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School officials in Bridgewater, Mass., must remove two public-school students from classes held at a Roman Catholic parish facility, leased by the district to accommodate an overflow of elementary students, a federal judge has ordered.

The Massachusetts Civil Liberties Union sued the Bridgewater district on behalf of two students because the facility, formerly used as a school, contains Catholic religious symbols and because the students were regularly greeted by a Catholic priest.

U.S. District Judge Mark L. Wolfe issued the preliminary injunction calling for the two students' transfer. The plaintiffs are also seeking the invalidation of the lease between the school district and the church.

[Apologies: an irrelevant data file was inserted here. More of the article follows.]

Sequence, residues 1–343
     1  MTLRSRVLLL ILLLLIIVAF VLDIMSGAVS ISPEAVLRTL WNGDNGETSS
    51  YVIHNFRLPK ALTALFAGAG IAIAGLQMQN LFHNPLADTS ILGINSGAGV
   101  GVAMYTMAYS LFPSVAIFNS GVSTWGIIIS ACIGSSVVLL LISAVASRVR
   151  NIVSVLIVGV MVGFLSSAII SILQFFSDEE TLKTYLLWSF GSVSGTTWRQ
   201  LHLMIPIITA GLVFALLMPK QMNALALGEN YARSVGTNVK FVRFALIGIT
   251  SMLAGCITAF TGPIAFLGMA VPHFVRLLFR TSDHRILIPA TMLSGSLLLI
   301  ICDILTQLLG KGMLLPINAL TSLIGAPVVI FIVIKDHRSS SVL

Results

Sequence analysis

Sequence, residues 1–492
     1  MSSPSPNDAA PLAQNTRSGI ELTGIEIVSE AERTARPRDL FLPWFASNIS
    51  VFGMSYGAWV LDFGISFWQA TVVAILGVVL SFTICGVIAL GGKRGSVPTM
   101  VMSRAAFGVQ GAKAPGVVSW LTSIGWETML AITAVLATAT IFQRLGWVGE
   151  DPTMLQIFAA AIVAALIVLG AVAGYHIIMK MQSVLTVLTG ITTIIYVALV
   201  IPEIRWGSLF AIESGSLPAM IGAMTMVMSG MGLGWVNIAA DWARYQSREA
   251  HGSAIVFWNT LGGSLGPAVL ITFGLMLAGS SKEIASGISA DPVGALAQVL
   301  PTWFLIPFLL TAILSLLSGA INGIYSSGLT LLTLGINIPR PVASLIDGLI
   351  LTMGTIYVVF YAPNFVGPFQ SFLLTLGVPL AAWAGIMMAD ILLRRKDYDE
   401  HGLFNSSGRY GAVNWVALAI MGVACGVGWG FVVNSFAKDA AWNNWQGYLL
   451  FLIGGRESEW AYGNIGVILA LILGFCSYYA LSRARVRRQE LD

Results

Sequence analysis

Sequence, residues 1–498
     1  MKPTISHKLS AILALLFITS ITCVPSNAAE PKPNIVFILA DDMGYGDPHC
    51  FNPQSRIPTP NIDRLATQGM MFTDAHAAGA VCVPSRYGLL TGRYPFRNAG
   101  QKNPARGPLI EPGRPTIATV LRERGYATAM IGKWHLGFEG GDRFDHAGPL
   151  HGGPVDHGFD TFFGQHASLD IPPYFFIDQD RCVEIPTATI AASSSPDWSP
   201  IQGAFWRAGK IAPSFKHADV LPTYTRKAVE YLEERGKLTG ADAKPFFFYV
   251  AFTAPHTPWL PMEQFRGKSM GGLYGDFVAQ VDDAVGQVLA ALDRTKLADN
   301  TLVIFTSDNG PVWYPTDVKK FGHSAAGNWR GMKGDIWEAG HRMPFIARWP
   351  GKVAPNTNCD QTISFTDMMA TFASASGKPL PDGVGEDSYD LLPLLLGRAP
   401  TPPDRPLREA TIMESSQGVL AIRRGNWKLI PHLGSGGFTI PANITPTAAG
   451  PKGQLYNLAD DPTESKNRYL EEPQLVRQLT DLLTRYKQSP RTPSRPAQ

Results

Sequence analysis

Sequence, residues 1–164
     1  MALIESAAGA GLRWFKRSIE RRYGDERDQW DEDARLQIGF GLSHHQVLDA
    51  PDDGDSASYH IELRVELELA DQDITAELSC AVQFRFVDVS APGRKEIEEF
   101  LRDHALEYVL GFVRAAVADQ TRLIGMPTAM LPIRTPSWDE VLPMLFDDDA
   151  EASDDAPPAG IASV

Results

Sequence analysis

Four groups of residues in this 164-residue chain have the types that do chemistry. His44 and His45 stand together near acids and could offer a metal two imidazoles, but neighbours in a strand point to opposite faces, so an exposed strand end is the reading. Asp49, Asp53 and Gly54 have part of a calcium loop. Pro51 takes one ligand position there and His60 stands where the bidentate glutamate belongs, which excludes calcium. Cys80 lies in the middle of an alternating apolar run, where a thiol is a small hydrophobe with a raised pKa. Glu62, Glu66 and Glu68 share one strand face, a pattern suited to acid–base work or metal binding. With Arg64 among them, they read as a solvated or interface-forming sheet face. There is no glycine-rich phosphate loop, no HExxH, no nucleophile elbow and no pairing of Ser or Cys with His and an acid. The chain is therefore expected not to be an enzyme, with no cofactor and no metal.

The judge wrote that the plaintiffs appear likely to prevail in their claim that the lease violates the establishment clause of the U.S. Constitution.

It "appears that the lease involves an impermissible delegation or sharing of Bridgewater's responsibility for the public school curriculum with the Roman Catholic Church, and thus excessively tangles church and state," the judge wrote.


Two Arizona school districts, which together served one of the nation's largest populations of Indian students, have dissolved a long-standing partnership in which they jointly administered a single high school.

For more than 15 years, students from the Tuba City public schools and a local tribal boarding school attended a single high school on the Navajo reservation as a economy measure. But critics, including members of the two local school boards, argued that the system--in which separate administrations oversaw different student bodies in the same building--was confusing and counterproductive.